Darden graduate Jenifer Andrasko (MBA ’10) flew the T-34C, C-12 and P-3C as a Naval aviator before coming to Darden. For more than nine years, she served as an officer and aircraft mission commander with the U.S. Navy.
"There’s a great support network at Darden, and the Darden Military Association helped me transition from active duty to becoming a business student and ultimately becoming a leader in the business world," says Andrasko, who received a Darden Jefferson Fellowship. She now works as a consultant with Bain & Company in Atlanta, Georgia.
Students with military experience comprise between 7-9 percent of the incoming class at Darden. Darden military veterans represent a pool that is rich in diversity — both in experiences and in backgrounds — and they make an impact as leaders both inside and outside the classroom. Their leadership and management skills are highly valued and the team-oriented, case method style of learning at Darden complements their skills.
Now that the U.S. presence in Iraq has ended, tens of thousands of troops will be heading back to their home bases. Darden aims to be the premier MBA program of choice for talented military veterans. Some of the military veterans aspiring to attend graduate business school will benefit from the Post-9/11 GI Bill. Yet not every talented veteran will qualify, as the benefits depend on various qualifications, including length of service.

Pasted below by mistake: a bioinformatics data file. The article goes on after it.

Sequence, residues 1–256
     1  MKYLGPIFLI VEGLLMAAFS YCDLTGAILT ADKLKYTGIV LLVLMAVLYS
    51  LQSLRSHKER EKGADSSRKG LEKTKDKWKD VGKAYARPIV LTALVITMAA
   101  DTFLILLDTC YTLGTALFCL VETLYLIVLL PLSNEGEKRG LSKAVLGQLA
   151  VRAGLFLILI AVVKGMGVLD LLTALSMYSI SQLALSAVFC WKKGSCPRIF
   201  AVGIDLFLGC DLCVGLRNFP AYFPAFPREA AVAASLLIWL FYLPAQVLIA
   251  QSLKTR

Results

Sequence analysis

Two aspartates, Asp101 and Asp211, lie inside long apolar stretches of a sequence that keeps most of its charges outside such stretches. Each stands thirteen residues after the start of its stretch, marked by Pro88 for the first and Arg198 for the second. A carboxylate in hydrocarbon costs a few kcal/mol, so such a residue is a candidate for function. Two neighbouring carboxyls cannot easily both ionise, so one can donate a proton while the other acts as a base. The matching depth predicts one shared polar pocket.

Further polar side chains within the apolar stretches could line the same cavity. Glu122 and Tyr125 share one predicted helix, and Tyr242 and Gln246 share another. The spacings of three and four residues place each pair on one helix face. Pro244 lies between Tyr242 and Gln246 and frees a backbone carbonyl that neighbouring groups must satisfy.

"We have had a substantial increase this year in the number of applications to Darden from military veterans," says Bob Bruner, dean of the Darden School of Business. "We want the best and the brightest in our community , and fellowships such as the Colonel James L. Fowler USMC Scholarship and the John and Mary Kay Strangfeld Scholarship make a world of difference in our ability to recruit these talented students."